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Social Thinking Articles

Tips for Traveling with Individuals with Social Learning Challenges

Janie Lai, MA CCC-SLP and Michelle Garcia Winner

Jul 13, 2016

Tips for Traveling with Individuals with Social Learning

Picture your perfect vacation! Are you imagining a peaceful mountain resort, tropical white-sand beaches, or an adventure at a theme park? Though fun and exciting, traveling pushes us out of our normal routines and comfort zones as we find ourselves having to navigate new environments and figure out different social expectations. Unexpected schedule changes and constant negotiations to shift and follow the group plan can lead to unpleasant interactions and big reactions. When we travel with individuals with social learning challenges, it is important to recognize some of their stressors and build in strategies to help them.


These exercises are designed for both children and teens; some activities are more complex than others. As a family, you can decide which strategies will be most effective, as not everyone with social learning challenges may have the same strengths or struggles. Keep in mind that with some forethought and a little planning on your part, your older children and teenagers can be actively involved in the planning and problem solving process during your travels. As a parent, you can use this time to let them practice taking a bigger role in navigating social situations on your vacation (e.g., getting from point A to B, requesting help from staff). Just be sure you’ve provided any pre-teaching, tools, and/or strategies that will help them be successful! 


Creating the Vacation Itinerary


  • Go over the group plan or itinerary with all traveling companions. After deciding on your travel destination, sit down as a family to look over the itinerary. Discuss how everyone has different likes and dislikes, but the group plan incorporates everyone’s preferences. For example, “Everyone in the family has different activities they like and don’t like. Monday, we will be going to the beach because Mom loves the beach. We will eat Mexican food for dinner since John likes Mexican food, etc.” If possible, you can even plan the trip together so it is an interactive experience with everyone contributing ideas about the activities they want to explore (see attached handout).

    The purpose of this activity is twofold: 1) to give everyone an idea of what to expect on the vacation, which helps decrease anxiety, and 2) to show how everyone’s ideas are incorporated into the group plan. This is a FAMILY vacation, not a PERSONAL vacation. In this way, everyone can plan to be a “thinking of others” family member!

  • Include “OWN TIME” in the itinerary. Explicitly set aside a certain amount of time each day, such as 30 or 60 minutes, during which everyone in the family will have his or her “own time.” Being on vacation can be stressful and everyone can benefit from an established break time each day to decompress. During this time, everyone can choose how they would like to relax (e.g., listen to music, play a video game, watch TV, go on the Internet).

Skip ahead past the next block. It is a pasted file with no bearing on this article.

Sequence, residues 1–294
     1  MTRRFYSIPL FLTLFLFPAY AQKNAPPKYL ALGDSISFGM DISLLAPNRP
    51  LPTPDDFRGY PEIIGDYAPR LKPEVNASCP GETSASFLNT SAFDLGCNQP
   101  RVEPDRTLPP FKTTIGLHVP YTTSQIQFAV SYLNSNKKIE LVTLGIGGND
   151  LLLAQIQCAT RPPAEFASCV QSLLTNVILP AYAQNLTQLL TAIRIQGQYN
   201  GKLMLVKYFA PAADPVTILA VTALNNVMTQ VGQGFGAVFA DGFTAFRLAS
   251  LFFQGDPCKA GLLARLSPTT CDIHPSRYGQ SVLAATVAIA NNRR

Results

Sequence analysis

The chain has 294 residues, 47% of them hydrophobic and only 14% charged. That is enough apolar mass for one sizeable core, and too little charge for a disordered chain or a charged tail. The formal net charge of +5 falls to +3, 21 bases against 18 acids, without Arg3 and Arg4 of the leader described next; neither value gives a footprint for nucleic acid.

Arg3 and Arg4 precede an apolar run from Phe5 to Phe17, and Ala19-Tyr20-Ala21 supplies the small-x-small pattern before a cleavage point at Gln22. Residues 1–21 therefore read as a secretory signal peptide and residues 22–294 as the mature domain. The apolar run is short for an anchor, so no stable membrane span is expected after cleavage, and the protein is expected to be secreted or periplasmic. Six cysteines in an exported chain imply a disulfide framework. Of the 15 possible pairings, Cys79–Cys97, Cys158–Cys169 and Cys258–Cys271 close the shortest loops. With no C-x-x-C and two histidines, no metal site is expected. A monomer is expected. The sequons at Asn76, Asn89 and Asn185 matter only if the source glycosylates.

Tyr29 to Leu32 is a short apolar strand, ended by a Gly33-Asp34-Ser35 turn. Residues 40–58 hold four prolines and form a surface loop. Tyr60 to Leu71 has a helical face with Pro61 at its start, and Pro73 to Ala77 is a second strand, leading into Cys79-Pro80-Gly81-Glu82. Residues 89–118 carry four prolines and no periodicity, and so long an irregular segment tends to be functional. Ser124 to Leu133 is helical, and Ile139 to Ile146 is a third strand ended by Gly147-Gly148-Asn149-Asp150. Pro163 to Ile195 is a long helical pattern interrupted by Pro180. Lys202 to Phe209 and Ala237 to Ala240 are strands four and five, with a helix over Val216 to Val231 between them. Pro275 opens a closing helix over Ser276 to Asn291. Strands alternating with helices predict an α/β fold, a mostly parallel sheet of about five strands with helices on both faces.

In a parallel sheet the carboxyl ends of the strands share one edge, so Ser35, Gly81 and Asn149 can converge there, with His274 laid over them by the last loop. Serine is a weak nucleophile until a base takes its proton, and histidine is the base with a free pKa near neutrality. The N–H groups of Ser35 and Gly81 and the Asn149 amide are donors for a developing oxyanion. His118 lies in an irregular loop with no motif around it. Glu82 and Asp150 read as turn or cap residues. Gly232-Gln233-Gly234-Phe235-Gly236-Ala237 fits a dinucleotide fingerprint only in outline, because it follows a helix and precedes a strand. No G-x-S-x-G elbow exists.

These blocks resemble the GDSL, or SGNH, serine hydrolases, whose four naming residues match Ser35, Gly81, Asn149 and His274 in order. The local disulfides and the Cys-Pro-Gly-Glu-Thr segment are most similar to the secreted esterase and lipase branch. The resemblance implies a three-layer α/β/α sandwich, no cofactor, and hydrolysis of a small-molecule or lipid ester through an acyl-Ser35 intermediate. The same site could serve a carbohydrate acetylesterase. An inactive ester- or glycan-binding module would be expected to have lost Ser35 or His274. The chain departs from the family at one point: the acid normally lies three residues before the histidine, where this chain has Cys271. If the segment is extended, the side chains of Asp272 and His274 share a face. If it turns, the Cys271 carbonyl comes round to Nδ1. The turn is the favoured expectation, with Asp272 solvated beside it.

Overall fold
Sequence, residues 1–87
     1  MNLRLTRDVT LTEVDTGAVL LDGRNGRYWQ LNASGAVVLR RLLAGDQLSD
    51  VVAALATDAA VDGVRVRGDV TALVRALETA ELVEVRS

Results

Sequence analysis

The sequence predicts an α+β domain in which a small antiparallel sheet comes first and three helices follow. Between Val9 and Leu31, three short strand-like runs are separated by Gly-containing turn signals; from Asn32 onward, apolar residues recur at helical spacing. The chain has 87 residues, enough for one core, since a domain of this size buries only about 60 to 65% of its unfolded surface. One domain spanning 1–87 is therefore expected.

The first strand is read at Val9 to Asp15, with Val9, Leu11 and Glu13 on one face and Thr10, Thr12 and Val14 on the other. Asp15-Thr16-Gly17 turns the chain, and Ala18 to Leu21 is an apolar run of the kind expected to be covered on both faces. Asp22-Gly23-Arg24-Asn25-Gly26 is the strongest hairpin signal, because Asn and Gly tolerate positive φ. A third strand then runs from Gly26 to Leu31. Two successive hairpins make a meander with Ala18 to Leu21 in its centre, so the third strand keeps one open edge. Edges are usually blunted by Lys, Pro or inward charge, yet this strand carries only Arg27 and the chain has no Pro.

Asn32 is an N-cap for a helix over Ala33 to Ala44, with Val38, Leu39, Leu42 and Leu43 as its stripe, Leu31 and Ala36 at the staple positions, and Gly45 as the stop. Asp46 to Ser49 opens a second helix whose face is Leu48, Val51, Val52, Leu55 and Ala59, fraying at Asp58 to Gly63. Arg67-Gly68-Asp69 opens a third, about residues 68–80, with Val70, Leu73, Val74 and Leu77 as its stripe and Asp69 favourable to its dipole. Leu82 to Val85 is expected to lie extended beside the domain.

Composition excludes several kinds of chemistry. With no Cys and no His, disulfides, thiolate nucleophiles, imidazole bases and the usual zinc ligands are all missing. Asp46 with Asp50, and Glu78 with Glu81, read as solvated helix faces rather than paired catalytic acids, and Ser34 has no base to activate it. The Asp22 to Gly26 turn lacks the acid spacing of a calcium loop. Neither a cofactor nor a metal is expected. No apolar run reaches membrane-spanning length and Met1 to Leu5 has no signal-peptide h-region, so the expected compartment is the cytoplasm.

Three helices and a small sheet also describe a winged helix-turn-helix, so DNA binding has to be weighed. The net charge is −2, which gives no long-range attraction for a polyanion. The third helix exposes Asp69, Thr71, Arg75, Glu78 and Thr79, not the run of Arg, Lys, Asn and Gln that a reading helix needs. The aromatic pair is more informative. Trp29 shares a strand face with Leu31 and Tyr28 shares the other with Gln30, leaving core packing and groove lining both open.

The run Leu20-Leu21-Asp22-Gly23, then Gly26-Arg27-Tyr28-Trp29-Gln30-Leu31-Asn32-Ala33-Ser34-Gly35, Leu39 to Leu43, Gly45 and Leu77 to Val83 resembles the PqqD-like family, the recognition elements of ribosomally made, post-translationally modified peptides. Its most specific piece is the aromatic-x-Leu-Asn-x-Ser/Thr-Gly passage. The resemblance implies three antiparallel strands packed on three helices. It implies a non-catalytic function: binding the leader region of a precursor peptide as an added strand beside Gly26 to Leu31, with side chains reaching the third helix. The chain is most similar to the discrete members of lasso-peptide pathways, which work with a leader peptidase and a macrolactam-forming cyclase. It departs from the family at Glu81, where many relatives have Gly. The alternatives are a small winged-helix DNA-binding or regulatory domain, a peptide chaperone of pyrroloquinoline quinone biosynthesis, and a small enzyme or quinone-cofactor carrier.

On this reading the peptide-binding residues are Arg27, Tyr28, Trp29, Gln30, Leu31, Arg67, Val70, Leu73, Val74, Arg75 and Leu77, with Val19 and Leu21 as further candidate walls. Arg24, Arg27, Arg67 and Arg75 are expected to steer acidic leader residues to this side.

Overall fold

Many individuals with social learning challenges can better regulate their emotions if they know how long they are expected to follow the group plan. They can look forward to their “own time” each day as a time to follow their own plan. It is important to emphasize that this “own time” is
    not a reward. Instead, it should be seen as a way of modeling how incorporated breaks are helpful for everyone!

Tips While On the Vacation


  • Discuss potential problems at the beginning of the day. Take a few minutes each morning to go over the itinerary and discuss what might not go as planned: a delayed plane, traffic on the freeway, a cancelled tour, annoying people in your tour group, closed restaurants, etc. The only thing that is almost guaranteed on any vacation is that at least one thing will go awry. Awareness and anticipation of potential problems are often the first steps to decreasing emotional reactions.

    For students who have been introduced to Social Thinking’s Size of the Problem Scale*, use this time to practice identifying problem sizes and matching the reaction size. For each potential problem you come up with, identify the size of the problem (small, medium, big) and talk about possible expected/unexpected reactions to reinforce the concept that problems and their respective reactions come in different sizes.

    *If your child has not learned about problem-reaction size, introduce the problem scale prior to the trip; you should not be introducing new strategies during the vacation. (Size of the problem and reaction size is introduced and discussed over two chapters in Social Thinking and Me, a kids’ guidebook and accompanying thinksheets two-book set by Linda Murphy and Michelle Garcia Winner (2016); for ages 9-13.)

  • Problem solving in the moment: Traveling is a great time to practice social problem solving. As a parent, you can model how you solve problems throughout the day, as well as bring a visual to help talk children through their problems. Problem solving and stress often go hand in hand. Here are a few simple and effective strategies to use on vacation: